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Northern Ireland Health Service Changes For Better

Ruzanna Harutyunyan's picture

Improved life expectancy and reduced waiting times for hospital treatments are proof that the health and social care service is making a real difference to people in Northern Ireland.

Responding to a Northern Ireland Audit Office (NIAO) report into the performance of the health service, Health Minister, Michael McGimpsey said:

"I welcome the findings of the NIAO report which points to good progress against many of my department's key targets for improving health and social care services for everyone. It is fitting in this, the 60th anniversary of the NHS, that there should be a renewed focus and energy into providing the highest quality health and social services.

"There is no doubt our services are improving and changing to meet the growing demands of the public. Yesterday, I announced an end to prescription charges in Northern Ireland by April 2010. The overwhelmingly positive response I received only proves the importance of the health service to the lives of people here.

"Over the last three years, waiting lists for surgery and outpatient appointments have fallen dramatically. Today, only a handful of patients are waiting more than 13 weeks for a first outpatient appointment or 21 weeks for an operation ensuring that everyone has rapid access to essential treatment.

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"It is very encouraging that Northern Ireland has the largest reduction in coronary heart disease in the UK. Survival rates for cancer have improved in line with our targets and we continue to have the lowest death rate from stroke in the United Kingdom.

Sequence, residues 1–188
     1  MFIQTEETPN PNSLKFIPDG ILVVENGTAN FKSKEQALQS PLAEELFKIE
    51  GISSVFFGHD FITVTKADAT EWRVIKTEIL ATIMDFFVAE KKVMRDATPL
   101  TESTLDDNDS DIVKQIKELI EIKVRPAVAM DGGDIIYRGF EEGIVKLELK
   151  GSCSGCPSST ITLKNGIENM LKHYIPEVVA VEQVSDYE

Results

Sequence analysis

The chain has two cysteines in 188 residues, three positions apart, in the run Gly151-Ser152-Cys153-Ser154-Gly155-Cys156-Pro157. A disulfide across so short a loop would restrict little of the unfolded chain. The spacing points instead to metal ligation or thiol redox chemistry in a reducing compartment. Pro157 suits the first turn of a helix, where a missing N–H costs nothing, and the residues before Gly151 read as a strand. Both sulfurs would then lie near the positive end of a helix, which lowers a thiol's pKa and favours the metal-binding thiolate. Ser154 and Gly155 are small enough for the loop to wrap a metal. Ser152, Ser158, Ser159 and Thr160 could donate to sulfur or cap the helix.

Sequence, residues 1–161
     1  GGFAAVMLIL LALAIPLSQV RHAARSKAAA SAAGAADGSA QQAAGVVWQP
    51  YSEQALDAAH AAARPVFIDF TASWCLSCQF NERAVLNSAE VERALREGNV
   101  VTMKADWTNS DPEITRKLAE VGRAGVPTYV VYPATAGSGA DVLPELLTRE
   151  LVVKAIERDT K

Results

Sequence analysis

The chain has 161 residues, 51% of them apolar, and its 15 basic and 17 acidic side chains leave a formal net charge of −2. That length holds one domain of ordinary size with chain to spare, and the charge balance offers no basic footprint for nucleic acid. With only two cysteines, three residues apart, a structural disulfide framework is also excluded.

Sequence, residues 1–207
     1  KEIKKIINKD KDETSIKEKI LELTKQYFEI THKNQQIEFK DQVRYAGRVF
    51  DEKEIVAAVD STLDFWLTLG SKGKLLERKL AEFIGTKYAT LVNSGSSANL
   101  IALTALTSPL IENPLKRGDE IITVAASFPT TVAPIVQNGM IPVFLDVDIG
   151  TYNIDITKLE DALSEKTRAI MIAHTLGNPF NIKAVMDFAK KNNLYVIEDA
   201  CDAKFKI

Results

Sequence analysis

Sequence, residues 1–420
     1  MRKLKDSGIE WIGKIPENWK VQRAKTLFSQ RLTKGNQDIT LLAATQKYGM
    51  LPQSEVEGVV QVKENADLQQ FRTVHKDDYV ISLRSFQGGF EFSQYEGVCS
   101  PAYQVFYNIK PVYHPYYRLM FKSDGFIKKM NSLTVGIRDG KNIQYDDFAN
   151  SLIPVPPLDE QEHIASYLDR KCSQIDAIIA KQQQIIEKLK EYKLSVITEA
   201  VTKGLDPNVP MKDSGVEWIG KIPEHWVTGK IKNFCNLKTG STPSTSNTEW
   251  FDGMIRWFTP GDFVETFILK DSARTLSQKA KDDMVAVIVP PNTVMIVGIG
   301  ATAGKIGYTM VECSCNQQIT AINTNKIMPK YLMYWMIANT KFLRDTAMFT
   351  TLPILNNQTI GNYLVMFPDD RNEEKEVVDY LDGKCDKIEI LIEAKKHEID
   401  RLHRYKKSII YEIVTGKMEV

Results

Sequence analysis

"This year I invested ?12million into improving cardiovascular services along with a ?14million investment for stroke services. This represents a total of ?26million which will have a significant impact on developing better services and consequently improve the health of people at risk from cardiovascular disease."

Turning to concerns raised by the report over continuing health inequalities and levels of obesity and suicide, the minister said the establishment of the new Regional Agency for Public Health and Social Well-being would be key to addressing these issues.

The minister continued: "Our society is blighted by stark health inequalities which I believe can only be fully addressed though the pursuit of a public health agenda.

"Public health is what we do as a society to improve and protect the health of the population. It is about helping people to take responsibility for their own health, preventing disease and educating the population on the benefits of a healthy lifestyle. All government departments and indeed, all of society have a role to play.

"Once the new regional public health agency is in place next April, it will become an important new centre of public health expertise. The agency will create a focused, co-ordinated drive for sustained improvement in public health and will be another step in my drive to create a world class health and social care service for Northern Ireland fit for the twenty first century."